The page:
Where to Go in Atlanta to Celebrate National Chicken Month

We’re not sure who creates these things, but there are a plethora of recognized food days to be celebrated. There are weird ones like National Cheeseball Day, and ones that are very American like National Apple Pie Day and National Hot Dog Day.  

We’re not sure why we need a day to commemorate white chocolate or butterscotch pudding, but we stand behind September as National Chicken Month. Here are some of the great places and ways to celebrate chicken around Atlanta.  

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Fried at Busy Bee Café

This West End classic has been around since 1947 and continues to as an Atlanta fried chicken institution. Dr. Martin Luther King Jr. ate here. President Barack Obama ate here. After a 12-hour marinade and a mix of spices, the lightly breaded pieces come out crisp, golden, and, as they say, “Bee-licious.” We always hope lima beans are on the rotating menu of side dishes. 810 Martin Luther King Jr. Dr. NW; 404-525-9212, www.thebusybeecafe.com  

 

A Whole Bird to Share at Ladybird Grove and Mess Hall

The "Base Camp" section of the menu at Ladybird Grove and Mess Hall features group meals for 3-4 people. Grab a couple of friends, order a few drinks and people watch while awaiting a treat. The Spatchcock Chicken is a whole bird smoked with grilled onions, peppers, and cilantro. It is served with corn tortillas and salsa rojo and verde. It's kind of like the best camping trip finish ever but without all the preparation fuss. To complete the experience, add a Peanut Butter S'mores Pie. 684 John Wesley Dobbs Avenue NE; 404-458-6838, www.ladybirdatlanta.com  

 

In Sausage at Chop Shop

Butcher/owner Rusty Bowers has a full circle philosophy when it comes to his new butcher- and farmer-owned store full of handcrafted, humanely raised meats, sausages, charcuterie and locally sourced produce and provisions. Two-inch links of his chicken breakfast sausage are flavored with sage, cracked black pepper and chilies stuffed within natural lamb casing. They are not just for breakfast and imbued with light applewood smoke. 1366 Memorial Drive; 404-370-1818, www.chopshopatl.com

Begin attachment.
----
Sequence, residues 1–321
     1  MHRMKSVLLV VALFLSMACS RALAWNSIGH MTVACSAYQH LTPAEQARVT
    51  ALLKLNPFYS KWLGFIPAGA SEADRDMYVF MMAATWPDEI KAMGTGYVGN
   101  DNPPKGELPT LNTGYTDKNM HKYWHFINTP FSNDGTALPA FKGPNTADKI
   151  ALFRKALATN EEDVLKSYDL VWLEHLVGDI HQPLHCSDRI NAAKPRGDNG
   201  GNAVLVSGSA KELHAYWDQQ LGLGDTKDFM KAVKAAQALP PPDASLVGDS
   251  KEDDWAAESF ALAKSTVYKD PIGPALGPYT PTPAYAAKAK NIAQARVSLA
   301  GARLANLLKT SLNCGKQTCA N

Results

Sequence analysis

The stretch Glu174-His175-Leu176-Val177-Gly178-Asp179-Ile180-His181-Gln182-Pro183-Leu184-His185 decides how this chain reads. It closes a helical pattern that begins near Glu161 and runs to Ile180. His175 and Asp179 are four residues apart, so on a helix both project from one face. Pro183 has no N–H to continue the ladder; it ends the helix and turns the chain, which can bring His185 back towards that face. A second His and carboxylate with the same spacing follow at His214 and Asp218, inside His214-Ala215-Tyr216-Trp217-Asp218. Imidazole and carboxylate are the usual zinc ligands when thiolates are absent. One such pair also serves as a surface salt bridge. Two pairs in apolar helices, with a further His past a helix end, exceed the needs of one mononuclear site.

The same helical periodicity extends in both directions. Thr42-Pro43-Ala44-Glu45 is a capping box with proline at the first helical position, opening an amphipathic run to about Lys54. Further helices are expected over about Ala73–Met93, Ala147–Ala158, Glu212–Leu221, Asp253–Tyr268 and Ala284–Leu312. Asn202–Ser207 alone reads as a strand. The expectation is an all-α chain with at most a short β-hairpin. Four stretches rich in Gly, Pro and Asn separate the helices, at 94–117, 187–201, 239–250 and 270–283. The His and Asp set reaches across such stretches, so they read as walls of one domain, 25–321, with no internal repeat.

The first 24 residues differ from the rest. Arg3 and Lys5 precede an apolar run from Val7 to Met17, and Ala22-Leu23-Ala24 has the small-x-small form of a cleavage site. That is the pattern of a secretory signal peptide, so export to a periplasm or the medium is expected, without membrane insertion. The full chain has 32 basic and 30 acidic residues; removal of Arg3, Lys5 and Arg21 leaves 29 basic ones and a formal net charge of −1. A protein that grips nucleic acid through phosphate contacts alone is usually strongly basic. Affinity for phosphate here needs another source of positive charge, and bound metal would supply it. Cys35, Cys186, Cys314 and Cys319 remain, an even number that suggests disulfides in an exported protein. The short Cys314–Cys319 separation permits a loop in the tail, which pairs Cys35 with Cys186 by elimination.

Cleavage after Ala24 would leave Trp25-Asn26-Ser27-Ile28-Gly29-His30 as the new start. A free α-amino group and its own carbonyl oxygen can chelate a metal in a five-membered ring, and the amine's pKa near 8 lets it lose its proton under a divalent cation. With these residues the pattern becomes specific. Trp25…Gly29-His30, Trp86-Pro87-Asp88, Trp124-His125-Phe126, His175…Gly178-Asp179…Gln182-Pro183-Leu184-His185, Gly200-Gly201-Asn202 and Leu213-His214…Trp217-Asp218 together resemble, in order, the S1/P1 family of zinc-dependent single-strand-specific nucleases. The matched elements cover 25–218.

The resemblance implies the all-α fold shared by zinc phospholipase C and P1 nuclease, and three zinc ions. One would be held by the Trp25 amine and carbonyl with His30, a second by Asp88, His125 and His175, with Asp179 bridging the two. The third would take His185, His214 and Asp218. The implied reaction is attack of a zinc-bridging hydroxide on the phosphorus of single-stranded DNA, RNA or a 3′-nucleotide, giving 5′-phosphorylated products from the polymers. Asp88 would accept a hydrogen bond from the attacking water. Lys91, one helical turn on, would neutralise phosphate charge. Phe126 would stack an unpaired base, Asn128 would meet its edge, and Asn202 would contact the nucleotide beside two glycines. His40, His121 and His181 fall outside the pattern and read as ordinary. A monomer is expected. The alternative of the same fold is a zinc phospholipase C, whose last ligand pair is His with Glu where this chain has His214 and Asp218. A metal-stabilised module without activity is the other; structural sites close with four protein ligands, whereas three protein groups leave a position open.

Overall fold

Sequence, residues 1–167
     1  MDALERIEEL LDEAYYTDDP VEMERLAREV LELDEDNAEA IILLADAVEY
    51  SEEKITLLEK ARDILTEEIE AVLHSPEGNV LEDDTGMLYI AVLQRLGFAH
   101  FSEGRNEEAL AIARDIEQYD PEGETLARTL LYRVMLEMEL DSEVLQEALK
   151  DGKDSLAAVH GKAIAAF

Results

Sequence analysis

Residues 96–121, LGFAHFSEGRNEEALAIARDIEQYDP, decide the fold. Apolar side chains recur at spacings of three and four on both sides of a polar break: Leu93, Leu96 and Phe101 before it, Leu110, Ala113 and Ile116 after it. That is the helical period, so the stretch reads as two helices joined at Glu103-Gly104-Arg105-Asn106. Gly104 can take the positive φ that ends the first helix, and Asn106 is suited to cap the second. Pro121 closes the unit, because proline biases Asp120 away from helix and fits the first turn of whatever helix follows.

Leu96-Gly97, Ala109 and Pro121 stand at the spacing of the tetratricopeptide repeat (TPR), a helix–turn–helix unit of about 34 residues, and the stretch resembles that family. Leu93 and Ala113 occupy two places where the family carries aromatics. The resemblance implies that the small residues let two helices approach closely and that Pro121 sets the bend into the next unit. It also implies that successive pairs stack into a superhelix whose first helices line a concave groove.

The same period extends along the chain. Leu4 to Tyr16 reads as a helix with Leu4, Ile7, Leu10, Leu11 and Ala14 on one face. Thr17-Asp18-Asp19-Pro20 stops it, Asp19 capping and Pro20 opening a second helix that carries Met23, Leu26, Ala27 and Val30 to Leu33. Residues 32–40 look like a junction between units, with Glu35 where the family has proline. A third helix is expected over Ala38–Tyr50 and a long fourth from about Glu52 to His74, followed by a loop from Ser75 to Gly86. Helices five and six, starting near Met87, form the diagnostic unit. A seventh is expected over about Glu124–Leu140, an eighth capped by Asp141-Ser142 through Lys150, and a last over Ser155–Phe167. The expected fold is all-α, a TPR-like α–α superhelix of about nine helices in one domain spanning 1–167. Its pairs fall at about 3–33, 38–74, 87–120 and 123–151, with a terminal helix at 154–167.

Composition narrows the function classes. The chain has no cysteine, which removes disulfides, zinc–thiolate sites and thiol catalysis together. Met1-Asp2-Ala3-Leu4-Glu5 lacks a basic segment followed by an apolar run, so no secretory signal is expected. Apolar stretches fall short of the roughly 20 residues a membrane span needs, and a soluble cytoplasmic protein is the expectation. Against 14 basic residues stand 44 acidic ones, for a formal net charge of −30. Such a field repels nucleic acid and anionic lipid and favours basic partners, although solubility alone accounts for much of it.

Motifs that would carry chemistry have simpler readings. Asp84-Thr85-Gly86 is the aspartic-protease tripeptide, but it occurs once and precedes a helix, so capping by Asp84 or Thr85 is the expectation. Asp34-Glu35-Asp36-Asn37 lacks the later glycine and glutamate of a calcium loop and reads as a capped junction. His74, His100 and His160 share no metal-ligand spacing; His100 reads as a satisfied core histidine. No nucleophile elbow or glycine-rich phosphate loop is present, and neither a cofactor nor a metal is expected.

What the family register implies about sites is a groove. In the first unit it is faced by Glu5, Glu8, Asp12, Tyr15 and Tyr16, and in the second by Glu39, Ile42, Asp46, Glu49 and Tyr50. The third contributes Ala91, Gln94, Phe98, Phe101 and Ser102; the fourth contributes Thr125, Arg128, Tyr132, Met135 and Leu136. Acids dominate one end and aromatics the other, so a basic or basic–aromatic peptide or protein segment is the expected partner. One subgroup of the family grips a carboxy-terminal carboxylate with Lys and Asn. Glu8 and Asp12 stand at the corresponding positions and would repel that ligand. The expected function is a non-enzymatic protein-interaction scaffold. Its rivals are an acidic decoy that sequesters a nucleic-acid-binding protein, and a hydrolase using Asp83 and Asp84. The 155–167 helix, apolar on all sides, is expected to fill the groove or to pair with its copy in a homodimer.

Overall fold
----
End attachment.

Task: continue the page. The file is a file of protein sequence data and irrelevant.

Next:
A Wee Sandwich at Victory

Victory Sandwich Bar makes the perfectly sized sandwiches for when you want a little something or you want to try different flavors and combinations. Zero Clucks is savory with a little bit of sweet, pairing honey chicken with bacon, herbed ricotta, chutney, and peach mustard. It goes great with a Jack and Coke slushie. 340 Church St. 404-377-9300 and 913 Bernina Avenue NE; 404-963-1742, www.vicsandwich.com

 

Spicy Dumplings at Gu’s Kitchen

Tender bundles of chicken are boiled in Gu’s sweet, spicy, and garlicky Zhong sauce, soaking into the thin covering at the newish Gu’s Kitchen on Buford Highway. Toasted sesame seeds add a bit of texture. Don’t skip the Chengdu cold noodles from the menu of Sichuan street food. They help balance the heat and have a super fun presentation. 4897 Buford Highway; 470-299-2388, www.guskitchen.com

 

On Toast at AIX

Chef Nick Leahy’s mission at Westside’s AIX is to transport the eater to Provence. A dry glass of Chenin with an order of his Chicken Liver Pate instantly works the magic. Spread crusty house made brioche with his luscious pate with accouterments of pickles and tomato jam. Or splurge with a charcuterie board including this delicacy. 956 Brady Avenue; 770-838-3501, www.aixatl.com

 

Classic Buffalo Wings at Moe’s and Joe’s

Open since 1947, Moe’s and Joe’s has been around longer than the creation of the Buffalo wing. A basket of deep-fried wings gets tossed in a vinegary-cayenne-butter sauce, and served with celery and blue cheese. The crisp exterior gives way to a tender interior with sauce melted into it. We like our basket to come “hot and wet.” 1033 N. Highland Avenue (Virginia Highlands); 404-873-6090. www.moesandjoes.com

 

In Comforting Soup at the General Muir

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The Matzoh Ball Soup at The General Muir is a touchstone if your grandmother ever made you chicken soup. A bowl of intensely chicken-y broth is chock full of tiny cubes of celery and carrots surrounding a giant, soft-poached cornbread dressing matzoh ball. Glistening blobs of schmaltz (chicken fat) dot the surface along with flecks of parsley and dill. At lunch, it is served with half a sandwich. 1540 Avenue Place; 678-927-9131. www.thegeneralmuir.com

 

Hot Chicken at Richard’s Southern Fried

Todd Richards has refined his fried chicken recipe over the years to the soulful version you can find today at his Krog Street Market stall. With three spice levels (classic, hot, and Richards’ hot) to choose from, each meal also comes with cornbread and pickles. It’s brined with a crackily dark crust with spices that bring both the sweet and the heat. Don’t skip his collard green pho as a side. Bonus: his crunchy chicken is gluten free. 99 Krog Street NE; 678-732-9594,  www.richardssouthernfried.com  

 

Chicken Meatballs at Whiskey Bird

Morningside’s Whiskey Bird serves small plates of tacos, sliders, and greens. Smoky aromas draw you into the clean, modern space boasting a menu that is a marriage of Japanese gastronomy with Spanish sensibilities. We’ve been known to make a meal of their crispy chicken meatballs with a zingy ginger glaze. This summer they opened for lunch service, something for which their small plates are well suited.  1409 N. Highland Avenue NE; 404-600-5797, www.eatwhiskeybird.com

Heather Sinyard